I am sitting on the veranda of our state room on the Disney Magic watching luggage and goods being carted onto the ship several stories below. The kids are inside waiting to do the mandatory emergency drills, and it’s a balmy 80 degrees in Orlando, Florida as we wait to embark on our fifteen night journey.
We signed up for a cruise that goes from Orlando to New York to Canada to Iceland to Norway to Copenhagen. But the day before we left, we got this notice:
Due to excessive amounts of large pieces of ice off the coast of St. John’s, Newfoundland, we will be unable to make our scheduled call at this port. Likewise, because of the distance needed to sail around these conditions, we will be unable to call in Reykjavik, Iceland, as well.
Here’s our revised schedule:
Friday, May 15 — Port Canaveral, Florida
Saturday, May 16 — Day at Sea
Sunday, May 17 — Day at Sea
Monday, May 18 — New York, New York
Tuesday, May 19 — Day at Sea
Wednesday, May 20 — Halifax, Nova Scotia, Canada
Thursday, May 21 — Day at Sea
Friday, May 22 — Day at Sea
Saturday, May 23 — Day at Sea
Sunday, May 24 — Day at Sea
Monday, May 25 — Day at Sea
Tuesday, May 26 — Day at Sea
Wednesday, May 27 — Stavanger, Norway
Thursday, May 28 — Oslo, Norway
Friday, May 29 — Copenhagen, Denmark
Saturday, May 30 — Copenhagen, Denmark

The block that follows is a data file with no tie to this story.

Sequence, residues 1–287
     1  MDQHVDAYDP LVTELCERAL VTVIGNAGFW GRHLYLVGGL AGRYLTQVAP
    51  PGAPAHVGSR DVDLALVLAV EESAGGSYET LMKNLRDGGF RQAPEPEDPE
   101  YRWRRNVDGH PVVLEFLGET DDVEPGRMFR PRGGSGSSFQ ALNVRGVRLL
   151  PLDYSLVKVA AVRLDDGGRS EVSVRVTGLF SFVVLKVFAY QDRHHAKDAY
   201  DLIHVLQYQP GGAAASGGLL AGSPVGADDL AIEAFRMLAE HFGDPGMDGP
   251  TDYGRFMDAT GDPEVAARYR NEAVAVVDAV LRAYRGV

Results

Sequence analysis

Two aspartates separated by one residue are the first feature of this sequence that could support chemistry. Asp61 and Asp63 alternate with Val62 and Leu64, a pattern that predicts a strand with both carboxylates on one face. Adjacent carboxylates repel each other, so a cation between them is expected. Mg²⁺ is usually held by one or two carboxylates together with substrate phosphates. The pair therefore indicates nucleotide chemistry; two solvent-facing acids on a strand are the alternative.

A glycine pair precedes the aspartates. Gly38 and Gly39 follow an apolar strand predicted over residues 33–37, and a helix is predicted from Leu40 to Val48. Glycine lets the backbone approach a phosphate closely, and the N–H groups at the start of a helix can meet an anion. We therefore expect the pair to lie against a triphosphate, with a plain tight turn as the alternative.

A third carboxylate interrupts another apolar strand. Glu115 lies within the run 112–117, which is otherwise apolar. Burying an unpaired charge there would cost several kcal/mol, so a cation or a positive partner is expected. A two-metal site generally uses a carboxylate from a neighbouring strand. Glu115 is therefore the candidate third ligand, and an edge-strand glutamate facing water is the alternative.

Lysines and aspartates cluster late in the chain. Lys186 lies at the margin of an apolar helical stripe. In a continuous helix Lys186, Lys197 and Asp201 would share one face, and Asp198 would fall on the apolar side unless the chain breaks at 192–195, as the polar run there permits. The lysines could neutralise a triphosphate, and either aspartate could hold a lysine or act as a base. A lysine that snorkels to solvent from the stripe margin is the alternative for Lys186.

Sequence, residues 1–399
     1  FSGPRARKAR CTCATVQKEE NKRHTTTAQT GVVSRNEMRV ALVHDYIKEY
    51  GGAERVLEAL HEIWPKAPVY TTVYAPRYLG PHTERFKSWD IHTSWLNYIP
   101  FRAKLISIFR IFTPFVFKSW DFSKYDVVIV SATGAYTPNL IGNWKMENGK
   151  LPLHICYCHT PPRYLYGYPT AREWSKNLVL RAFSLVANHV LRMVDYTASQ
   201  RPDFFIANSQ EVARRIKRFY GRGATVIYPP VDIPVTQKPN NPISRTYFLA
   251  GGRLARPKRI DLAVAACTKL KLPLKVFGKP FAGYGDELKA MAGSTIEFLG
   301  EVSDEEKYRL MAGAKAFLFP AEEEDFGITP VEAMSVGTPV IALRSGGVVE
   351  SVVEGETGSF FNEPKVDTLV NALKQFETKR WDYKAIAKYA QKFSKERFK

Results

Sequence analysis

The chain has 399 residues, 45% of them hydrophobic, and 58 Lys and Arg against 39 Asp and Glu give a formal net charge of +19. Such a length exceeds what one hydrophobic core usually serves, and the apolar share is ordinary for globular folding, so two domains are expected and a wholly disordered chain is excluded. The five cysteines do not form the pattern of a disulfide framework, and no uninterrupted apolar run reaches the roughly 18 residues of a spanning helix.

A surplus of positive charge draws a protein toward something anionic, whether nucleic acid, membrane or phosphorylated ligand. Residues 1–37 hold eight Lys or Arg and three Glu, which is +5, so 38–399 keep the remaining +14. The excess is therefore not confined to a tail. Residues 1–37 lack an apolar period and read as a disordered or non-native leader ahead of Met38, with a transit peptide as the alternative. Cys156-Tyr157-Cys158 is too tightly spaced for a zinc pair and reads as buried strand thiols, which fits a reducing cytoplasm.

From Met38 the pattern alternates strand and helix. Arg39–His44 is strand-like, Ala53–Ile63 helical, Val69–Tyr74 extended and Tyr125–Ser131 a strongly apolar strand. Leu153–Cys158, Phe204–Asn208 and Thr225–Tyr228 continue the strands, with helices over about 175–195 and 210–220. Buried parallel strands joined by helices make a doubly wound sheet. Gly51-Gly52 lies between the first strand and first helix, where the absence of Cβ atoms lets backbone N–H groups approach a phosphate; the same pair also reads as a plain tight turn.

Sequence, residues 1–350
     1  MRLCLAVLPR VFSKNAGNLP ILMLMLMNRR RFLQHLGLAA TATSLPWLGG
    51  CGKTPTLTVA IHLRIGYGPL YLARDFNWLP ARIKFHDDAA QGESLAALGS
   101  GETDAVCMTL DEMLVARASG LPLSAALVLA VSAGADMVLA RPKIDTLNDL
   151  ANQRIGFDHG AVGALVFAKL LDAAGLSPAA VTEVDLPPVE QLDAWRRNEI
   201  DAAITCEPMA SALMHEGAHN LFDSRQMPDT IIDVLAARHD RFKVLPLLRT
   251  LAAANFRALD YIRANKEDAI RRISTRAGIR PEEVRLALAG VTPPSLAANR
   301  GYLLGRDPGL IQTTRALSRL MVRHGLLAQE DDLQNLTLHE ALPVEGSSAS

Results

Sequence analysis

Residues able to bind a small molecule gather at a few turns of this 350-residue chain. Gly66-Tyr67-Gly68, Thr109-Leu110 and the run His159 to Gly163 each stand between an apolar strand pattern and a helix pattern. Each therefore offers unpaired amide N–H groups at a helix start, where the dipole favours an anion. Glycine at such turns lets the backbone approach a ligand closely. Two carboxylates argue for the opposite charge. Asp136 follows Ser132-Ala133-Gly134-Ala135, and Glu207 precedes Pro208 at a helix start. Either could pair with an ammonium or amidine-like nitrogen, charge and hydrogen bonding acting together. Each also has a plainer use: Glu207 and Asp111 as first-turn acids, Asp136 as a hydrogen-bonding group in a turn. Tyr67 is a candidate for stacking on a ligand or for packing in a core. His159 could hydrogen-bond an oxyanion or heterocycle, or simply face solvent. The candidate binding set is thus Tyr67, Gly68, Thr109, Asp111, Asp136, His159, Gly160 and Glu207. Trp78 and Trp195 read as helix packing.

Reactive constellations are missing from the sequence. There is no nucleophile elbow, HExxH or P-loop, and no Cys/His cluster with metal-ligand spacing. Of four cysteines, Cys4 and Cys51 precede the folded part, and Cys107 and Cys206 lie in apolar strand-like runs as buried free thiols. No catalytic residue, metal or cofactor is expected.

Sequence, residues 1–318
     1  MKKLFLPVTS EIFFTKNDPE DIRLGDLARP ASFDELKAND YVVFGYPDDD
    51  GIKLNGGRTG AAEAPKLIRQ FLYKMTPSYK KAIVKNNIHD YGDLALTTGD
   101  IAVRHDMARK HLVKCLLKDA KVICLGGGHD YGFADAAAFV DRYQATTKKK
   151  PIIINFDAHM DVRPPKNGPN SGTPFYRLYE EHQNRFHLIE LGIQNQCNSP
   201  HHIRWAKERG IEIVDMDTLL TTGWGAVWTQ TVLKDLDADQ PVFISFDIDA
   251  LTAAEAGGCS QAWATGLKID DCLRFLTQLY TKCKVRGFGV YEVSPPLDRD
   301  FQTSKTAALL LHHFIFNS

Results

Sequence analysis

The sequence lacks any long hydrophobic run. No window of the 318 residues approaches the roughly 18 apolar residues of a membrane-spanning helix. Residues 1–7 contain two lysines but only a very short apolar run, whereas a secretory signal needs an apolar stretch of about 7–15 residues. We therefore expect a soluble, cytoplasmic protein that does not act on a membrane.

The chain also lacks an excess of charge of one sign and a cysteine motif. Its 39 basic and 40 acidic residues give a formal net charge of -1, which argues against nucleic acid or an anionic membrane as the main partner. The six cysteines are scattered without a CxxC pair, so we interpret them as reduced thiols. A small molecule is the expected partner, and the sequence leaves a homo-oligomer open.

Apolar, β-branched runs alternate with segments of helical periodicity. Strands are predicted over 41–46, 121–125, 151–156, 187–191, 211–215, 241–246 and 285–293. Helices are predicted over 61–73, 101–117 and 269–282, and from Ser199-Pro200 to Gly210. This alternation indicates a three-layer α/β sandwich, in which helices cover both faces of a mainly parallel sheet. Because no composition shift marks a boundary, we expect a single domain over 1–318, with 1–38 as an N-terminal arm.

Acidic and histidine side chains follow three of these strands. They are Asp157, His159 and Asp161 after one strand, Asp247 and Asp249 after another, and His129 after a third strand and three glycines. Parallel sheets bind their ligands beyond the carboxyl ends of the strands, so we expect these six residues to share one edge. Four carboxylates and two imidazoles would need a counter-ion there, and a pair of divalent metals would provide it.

Yes, you read that correctly. Six consecutive days at sea. How did we get into this?
We began doing Disney cruises back in 2003 when our pediatrician’s family suggested we do a joint family vacation. That 4 day/3 night Bahama vacation was so fun that our family got hooked. When David joined the Army in 2007, we promised the kids that we’d go on a 7 night cruise when he returned from his Iraq deployment. Thanks be to God, we got to go on that one. (Many of his fellow soldiers didn’t make it home, and we were particularly thankful for every Mickey bar we ate during that celebratory week.) Our 7 night post-war cruise was as relaxing and fun as ever. (Dare I say “magical?”)
Last year, we decided to go on the cruise that had been calling out our name ever since we realized they offered it: a trans-Atlantic cruise. David had always wanted to cruise old-school — like Christopher Columbus did, minus the scurvy. Disney doesn’t focus on going across the ocean like some cruise liners do. Rather, they need to reposition their boats every year to get the ships into Europe for their summer cruises there. Consequently, twice a year they offer Trans-Atlantic cruises. The one in the Spring goes east. Then, the one in the fall comes back west.
Last year, we jumped on the east-bound boat and ended up in Barcelona. We decided to go again this year, regardless of the destination… So, apparently we’re headed to Copenhagen. I have to admit the only thing I know about Copenhagen is that it caused a circular ring on the back pocket of my dad’s jeans when I was a kid.
Will we enjoy a cooler cruise? Will it be uncomfortable on the deck when we’re so far north? Will jaded New Yorkers eye us suspiciously as we jump off the boat wearing Mickey ears? I have no idea.
But I thought I’d document this vacation in case any of you are considering a Disney cruise — or a Disney trans-Atlantic cruise specifically — to give you more information on what exactly goes on during the 15 nights we’ll be on this gigantic floating boat.
Read more in this series: